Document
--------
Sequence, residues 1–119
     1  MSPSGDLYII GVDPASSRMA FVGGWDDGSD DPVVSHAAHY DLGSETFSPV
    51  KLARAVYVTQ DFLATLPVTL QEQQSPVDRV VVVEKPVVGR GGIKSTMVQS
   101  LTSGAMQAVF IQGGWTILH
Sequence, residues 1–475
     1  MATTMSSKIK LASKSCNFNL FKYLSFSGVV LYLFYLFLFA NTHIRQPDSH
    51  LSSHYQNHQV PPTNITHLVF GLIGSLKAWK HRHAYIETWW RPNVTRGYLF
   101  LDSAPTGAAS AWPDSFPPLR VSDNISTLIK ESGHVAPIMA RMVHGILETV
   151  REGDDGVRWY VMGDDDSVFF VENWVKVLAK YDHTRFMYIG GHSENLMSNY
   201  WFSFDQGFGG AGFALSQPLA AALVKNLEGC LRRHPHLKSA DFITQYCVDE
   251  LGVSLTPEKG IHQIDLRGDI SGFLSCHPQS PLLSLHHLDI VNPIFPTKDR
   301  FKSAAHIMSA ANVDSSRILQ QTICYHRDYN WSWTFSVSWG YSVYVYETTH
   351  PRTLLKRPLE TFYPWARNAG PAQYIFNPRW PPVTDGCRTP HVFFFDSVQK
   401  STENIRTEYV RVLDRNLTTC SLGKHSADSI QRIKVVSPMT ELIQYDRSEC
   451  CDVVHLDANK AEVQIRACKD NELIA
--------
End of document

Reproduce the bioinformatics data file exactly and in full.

Sequence, residues 1–119
     1  MSPSGDLYII GVDPASSRMA FVGGWDDGSD DPVVSHAAHY DLGSETFSPV
    51  KLARAVYVTQ DFLATLPVTL QEQQSPVDRV VVVEKPVVGR GGIKSTMVQS
   101  LTSGAMQAVF IQGGWTILH
Sequence, residues 1–475
     1  MATTMSSKIK LASKSCNFNL FKYLSFSGVV LYLFYLFLFA NTHIRQPDSH
    51  LSSHYQNHQV PPTNITHLVF GLIGSLKAWK HRHAYIETWW RPNVTRGYLF
   101  LDSAPTGAAS AWPDSFPPLR VSDNISTLIK ESGHVAPIMA RMVHGILETV
   151  REGDDGVRWY VMGDDDSVFF VENWVKVLAK YDHTRFMYIG GHSENLMSNY
   201  WFSFDQGFGG AGFALSQPLA AALVKNLEGC LRRHPHLKSA DFITQYCVDE
   251  LGVSLTPEKG IHQIDLRGDI SGFLSCHPQS PLLSLHHLDI VNPIFPTKDR
   301  FKSAAHIMSA ANVDSSRILQ QTICYHRDYN WSWTFSVSWG YSVYVYETTH
   351  PRTLLKRPLE TFYPWARNAG PAQYIFNPRW PPVTDGCRTP HVFFFDSVQK
   401  STENIRTEYV RVLDRNLTTC SLGKHSADSI QRIKVVSPMT ELIQYDRSEC
   451  CDVVHLDANK AEVQIRACKD NELIA